In the current study we analyzed twelve pathway-derived sets of direct transcriptional targets for each transcription factor of interest. These gene sets were extracted from the ten pathway databases listed in Table 1 according to the following protocol.
Table 1. Pathway databases.
From each relevant pathway present in BioCarta, KEGG, WikiPathways and Cell Signaling Technology, we manually extracted all stated direct transcriptional targets of each of the seven transcription factors from our list. From the Ingenuity Pathway Analysis database, we extracted two sets of target genes regulated by each transcription factor of interest. One of them (a more conservative) contained all genes with the 'transcription' relation type to a given transcription factor, while another one (a more liberal) incorporated union of the genes with relation types 'transcription', 'expression' and 'protein-DNA interaction'. From each of the BKL TRANSPATH and TRANSFAC databases, we extracted a set of genes that are stated to be regulated by each transcription factor in question (i.e., "Binding Sites/Regulated Genes" and "Regulates expression of (direct or indirect)"). From the GenSpring database, we created two gene sets. The first set (a more conservative) contained intersection of the following two groups of genes: genes regulated by the transcription factor on the expression level and genes that are bound to a given transcription factor. The second set (a more liberal) incorporated a union of above two groups of genes. Finally, from the Pathway Studio and MetaCore pathway databases, we extracted a set of targets that are transcriptionally regulated by each of the transcription factors from our list (in MetaCore we considered a union of genes with 'transcription regulation' and 'co-regulation of transcription' types of relations with given transcription factor).
Statistical comparison of gene sets
Since we are seeking to compare gene sets from different studies/databases, it is essential to transform genes to standard identifiers. That is why we transformed all gene sets to the HUGO Gene Nomenclature Committee approved gene symbols and names .
In order to assess statistical significance of the overlap between the resulting gene sets, we used the hypergeometric test at 5% α-level with false discovery rate correction for multiple comparisons by the method of Benjamini and Yekutieli . The alternative hypothesis of this test is that two sets of genes (set A from pathway database and set B from experiments) have greater number of genes in common than two randomly selected gene sets with the same number of genes as in sets A and B. For example, consider that for some transcription factor there are 300 direct targets in the pathway database #1 and 700 in the experimentally derived list (gold-standard), and their intersection is 16 genes (Figure 2a). If we select on random from a total of 20,000 genes two sets with 300 and 700 genes each, their overlap would be greater or equal to 16 genes in 6.34% times. Thus, this overlap will not be statistically significant at 5% α-level (p = 0.0634). On the other hand, consider that for the pathway database #2, there are 30 direct targets of that transcription factor, and their intersection with the 700-gene gold-standard is only 6 genes. Even though the size of this intersection is rather small, it is unlikely to randomly select 30 genes (out of 20,000) with an overlap greater or equal to 6 genes with a 700-gene gold-standard (p = 0.0005, see Figure 2a). This overlap is statistically significant at 5% α-level.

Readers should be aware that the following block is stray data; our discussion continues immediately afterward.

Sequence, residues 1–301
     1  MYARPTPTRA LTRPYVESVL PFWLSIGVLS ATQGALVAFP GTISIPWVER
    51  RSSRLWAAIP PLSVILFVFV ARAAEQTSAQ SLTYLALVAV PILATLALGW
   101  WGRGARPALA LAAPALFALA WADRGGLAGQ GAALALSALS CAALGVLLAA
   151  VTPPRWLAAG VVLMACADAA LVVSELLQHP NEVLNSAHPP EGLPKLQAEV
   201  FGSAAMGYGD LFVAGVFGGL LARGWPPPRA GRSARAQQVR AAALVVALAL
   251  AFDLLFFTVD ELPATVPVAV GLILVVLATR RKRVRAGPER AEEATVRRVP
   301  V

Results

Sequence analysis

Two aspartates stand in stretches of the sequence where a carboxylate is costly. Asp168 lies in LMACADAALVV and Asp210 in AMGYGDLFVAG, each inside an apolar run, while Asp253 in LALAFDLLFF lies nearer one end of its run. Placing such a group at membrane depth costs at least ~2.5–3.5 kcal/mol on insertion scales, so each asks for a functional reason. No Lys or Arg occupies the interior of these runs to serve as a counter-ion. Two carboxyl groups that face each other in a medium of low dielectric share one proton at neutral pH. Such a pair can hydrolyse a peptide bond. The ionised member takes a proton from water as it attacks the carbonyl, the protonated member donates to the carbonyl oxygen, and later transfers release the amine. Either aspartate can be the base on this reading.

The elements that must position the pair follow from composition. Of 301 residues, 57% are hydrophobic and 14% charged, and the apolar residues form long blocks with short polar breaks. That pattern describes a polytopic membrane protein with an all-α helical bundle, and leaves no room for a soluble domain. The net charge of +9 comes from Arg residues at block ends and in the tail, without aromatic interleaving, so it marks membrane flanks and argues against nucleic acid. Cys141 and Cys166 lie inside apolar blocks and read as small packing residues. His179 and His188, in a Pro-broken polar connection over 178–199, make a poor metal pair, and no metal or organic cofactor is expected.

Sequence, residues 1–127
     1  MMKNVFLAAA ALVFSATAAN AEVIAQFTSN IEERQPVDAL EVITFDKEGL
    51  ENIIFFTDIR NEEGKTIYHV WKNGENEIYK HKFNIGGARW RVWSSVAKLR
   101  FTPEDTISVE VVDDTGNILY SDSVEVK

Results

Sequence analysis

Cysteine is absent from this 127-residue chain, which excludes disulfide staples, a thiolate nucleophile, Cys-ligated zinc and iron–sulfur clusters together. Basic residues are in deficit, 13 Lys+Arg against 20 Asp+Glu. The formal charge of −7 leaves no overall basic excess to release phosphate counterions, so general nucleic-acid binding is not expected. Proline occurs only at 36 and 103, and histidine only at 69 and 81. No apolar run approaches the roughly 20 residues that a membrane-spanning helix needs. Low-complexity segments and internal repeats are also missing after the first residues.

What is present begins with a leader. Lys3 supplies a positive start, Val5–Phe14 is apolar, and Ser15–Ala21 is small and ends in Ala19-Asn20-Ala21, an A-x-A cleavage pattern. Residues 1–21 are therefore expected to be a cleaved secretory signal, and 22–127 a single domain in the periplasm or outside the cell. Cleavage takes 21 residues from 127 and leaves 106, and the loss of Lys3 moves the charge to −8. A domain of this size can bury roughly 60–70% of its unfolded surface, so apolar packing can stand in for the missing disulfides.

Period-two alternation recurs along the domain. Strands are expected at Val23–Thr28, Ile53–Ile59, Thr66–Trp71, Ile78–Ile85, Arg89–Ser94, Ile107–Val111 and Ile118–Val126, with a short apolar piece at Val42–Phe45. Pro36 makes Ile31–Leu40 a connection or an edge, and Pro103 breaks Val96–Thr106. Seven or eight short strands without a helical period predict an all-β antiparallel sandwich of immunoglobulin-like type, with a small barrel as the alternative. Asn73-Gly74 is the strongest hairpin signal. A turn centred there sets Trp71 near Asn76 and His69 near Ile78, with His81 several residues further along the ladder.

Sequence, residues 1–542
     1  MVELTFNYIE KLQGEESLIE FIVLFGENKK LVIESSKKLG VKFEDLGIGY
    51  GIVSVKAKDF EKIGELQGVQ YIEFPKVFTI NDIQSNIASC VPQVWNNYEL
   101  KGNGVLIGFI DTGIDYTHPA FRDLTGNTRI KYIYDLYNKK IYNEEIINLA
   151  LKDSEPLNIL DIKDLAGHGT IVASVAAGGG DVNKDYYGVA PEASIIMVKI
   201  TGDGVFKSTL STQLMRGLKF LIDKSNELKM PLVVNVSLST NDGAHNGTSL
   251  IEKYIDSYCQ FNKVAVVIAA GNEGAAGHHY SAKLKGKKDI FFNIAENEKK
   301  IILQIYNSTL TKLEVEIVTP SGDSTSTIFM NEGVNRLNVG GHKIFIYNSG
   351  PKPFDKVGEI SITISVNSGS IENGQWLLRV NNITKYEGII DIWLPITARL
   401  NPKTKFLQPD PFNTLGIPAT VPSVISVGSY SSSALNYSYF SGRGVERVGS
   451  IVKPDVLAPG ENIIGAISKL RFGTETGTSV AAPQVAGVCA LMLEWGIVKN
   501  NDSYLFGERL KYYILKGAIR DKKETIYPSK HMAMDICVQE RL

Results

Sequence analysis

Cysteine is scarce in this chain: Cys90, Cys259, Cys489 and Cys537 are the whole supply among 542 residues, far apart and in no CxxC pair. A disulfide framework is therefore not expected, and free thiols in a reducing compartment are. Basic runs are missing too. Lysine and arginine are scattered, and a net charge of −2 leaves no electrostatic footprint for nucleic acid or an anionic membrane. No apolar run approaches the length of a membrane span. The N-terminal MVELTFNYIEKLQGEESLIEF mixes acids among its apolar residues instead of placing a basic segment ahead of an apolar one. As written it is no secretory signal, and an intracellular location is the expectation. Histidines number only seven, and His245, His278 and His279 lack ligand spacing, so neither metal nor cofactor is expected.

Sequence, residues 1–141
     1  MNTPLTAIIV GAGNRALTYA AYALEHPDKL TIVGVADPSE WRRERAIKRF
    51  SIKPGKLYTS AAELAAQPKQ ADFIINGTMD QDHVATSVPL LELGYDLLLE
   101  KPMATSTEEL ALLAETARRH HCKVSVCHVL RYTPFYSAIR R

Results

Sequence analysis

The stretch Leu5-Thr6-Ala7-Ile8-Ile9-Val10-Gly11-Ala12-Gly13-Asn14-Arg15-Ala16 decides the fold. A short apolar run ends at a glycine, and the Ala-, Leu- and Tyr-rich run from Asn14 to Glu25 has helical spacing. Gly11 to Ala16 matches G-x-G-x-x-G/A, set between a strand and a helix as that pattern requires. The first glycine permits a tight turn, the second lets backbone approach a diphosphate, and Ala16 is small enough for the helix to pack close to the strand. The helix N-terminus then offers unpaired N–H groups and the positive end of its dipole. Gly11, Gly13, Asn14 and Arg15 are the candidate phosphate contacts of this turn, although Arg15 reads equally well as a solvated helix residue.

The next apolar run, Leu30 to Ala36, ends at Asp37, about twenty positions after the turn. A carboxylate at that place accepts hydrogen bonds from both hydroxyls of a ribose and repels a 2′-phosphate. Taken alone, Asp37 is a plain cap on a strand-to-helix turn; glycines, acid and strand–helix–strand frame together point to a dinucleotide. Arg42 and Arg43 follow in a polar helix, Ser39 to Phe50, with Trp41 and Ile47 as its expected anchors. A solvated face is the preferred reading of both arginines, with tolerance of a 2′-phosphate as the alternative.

Figure 2. Illustration of statistical methodology for comparison between a gold-standard and a pathway database.
Even though the above statistical methodology is based on odds ratios, databases with a very small number of targets may not reach statistical significance regardless of the quality of their data. To address this issue and provide another view on the data of our study, we calculate an enrichment fold change ratio (EFC) for every intersection between a gold-standard and a pathway database. For a given pair of a gold-standard and a pathway database, EFC is equal to the observed number of genes in their intersection, divided by the expected size of intersection under the null hypothesis (plus machine epsilon, to avoid division by zero). Notice however that larger values of EFC may correspond to databases that are highly incomplete and contain only a few relations. For example, consider that for some transcription factor there are 300 direct targets in the pathway database #1 and 50 in the experimentally derived list (gold-standard), and their intersection is 30 genes (Figure 2b). If we select on random from a total of 20,000 genes two sets with 300 and 50 genes each, their expected overlap under the null hypothesis will be equal to 0.75. Thus, the EFC ratio will be equal to 40 (= 30/0.75). On the other hand, consider that for the pathway database #2, there are 2 direct targets of that transcription factor, and their intersection with the 50-gene gold-standard is only 1 gene. Even though the expected overlap under the null hypothesis will be equal to 0.005 and EFC equal to 200 (5 times bigger than for the database #1), the size of this intersection with the gold-standard is 30 times less than for database #1 (Figure 2b).